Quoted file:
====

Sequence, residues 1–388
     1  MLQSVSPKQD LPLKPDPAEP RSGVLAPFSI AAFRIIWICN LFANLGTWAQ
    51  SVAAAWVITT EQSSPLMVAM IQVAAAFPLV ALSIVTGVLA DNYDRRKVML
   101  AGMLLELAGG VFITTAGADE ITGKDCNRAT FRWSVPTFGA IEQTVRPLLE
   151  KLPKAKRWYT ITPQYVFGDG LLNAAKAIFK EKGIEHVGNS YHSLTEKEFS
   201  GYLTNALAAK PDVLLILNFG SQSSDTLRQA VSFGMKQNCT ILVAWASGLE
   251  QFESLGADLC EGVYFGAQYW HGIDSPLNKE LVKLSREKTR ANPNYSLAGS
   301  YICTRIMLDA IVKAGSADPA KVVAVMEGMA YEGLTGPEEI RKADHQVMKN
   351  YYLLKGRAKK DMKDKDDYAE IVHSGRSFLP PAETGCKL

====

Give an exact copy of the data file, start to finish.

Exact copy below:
Sequence, residues 1–388
     1  MLQSVSPKQD LPLKPDPAEP RSGVLAPFSI AAFRIIWICN LFANLGTWAQ
    51  SVAAAWVITT EQSSPLMVAM IQVAAAFPLV ALSIVTGVLA DNYDRRKVML
   101  AGMLLELAGG VFITTAGADE ITGKDCNRAT FRWSVPTFGA IEQTVRPLLE
   151  KLPKAKRWYT ITPQYVFGDG LLNAAKAIFK EKGIEHVGNS YHSLTEKEFS
   201  GYLTNALAAK PDVLLILNFG SQSSDTLRQA VSFGMKQNCT ILVAWASGLE
   251  QFESLGADLC EGVYFGAQYW HGIDSPLNKE LVKLSREKTR ANPNYSLAGS
   301  YICTRIMLDA IVKAGSADPA KVVAVMEGMA YEGLTGPEEI RKADHQVMKN
   351  YYLLKGRAKK DMKDKDDYAE IVHSGRSFLP PAETGCKL